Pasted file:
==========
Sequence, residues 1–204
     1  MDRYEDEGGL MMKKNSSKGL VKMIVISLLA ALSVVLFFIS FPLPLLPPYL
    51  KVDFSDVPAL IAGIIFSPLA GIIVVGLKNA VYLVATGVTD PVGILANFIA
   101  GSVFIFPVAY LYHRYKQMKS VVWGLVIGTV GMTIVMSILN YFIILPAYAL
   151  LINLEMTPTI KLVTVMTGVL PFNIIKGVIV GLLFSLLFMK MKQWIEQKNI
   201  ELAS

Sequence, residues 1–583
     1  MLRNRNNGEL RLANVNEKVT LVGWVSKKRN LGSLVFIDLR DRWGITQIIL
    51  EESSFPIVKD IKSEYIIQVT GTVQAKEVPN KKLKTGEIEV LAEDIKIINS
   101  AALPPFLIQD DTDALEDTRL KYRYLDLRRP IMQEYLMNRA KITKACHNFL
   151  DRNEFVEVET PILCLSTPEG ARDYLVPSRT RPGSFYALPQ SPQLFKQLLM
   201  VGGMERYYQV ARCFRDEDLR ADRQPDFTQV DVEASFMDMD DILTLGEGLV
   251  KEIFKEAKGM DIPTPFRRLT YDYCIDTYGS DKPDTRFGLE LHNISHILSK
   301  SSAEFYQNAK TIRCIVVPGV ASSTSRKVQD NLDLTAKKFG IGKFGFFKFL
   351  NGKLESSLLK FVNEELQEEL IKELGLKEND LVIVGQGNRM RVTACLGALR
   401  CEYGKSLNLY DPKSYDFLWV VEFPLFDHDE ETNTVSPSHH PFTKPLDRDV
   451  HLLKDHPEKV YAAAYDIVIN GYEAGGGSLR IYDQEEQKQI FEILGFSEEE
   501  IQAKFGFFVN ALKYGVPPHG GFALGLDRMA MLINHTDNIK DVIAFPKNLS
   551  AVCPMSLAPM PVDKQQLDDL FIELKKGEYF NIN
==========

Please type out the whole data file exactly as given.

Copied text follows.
Sequence, residues 1–204
     1  MDRYEDEGGL MMKKNSSKGL VKMIVISLLA ALSVVLFFIS FPLPLLPPYL
    51  KVDFSDVPAL IAGIIFSPLA GIIVVGLKNA VYLVATGVTD PVGILANFIA
   101  GSVFIFPVAY LYHRYKQMKS VVWGLVIGTV GMTIVMSILN YFIILPAYAL
   151  LINLEMTPTI KLVTVMTGVL PFNIIKGVIV GLLFSLLFMK MKQWIEQKNI
   201  ELAS

Sequence, residues 1–583
     1  MLRNRNNGEL RLANVNEKVT LVGWVSKKRN LGSLVFIDLR DRWGITQIIL
    51  EESSFPIVKD IKSEYIIQVT GTVQAKEVPN KKLKTGEIEV LAEDIKIINS
   101  AALPPFLIQD DTDALEDTRL KYRYLDLRRP IMQEYLMNRA KITKACHNFL
   151  DRNEFVEVET PILCLSTPEG ARDYLVPSRT RPGSFYALPQ SPQLFKQLLM
   201  VGGMERYYQV ARCFRDEDLR ADRQPDFTQV DVEASFMDMD DILTLGEGLV
   251  KEIFKEAKGM DIPTPFRRLT YDYCIDTYGS DKPDTRFGLE LHNISHILSK
   301  SSAEFYQNAK TIRCIVVPGV ASSTSRKVQD NLDLTAKKFG IGKFGFFKFL
   351  NGKLESSLLK FVNEELQEEL IKELGLKEND LVIVGQGNRM RVTACLGALR
   401  CEYGKSLNLY DPKSYDFLWV VEFPLFDHDE ETNTVSPSHH PFTKPLDRDV
   451  HLLKDHPEKV YAAAYDIVIN GYEAGGGSLR IYDQEEQKQI FEILGFSEEE
   501  IQAKFGFFVN ALKYGVPPHG GFALGLDRMA MLINHTDNIK DVIAFPKNLS
   551  AVCPMSLAPM PVDKQQLDDL FIELKKGEYF NIN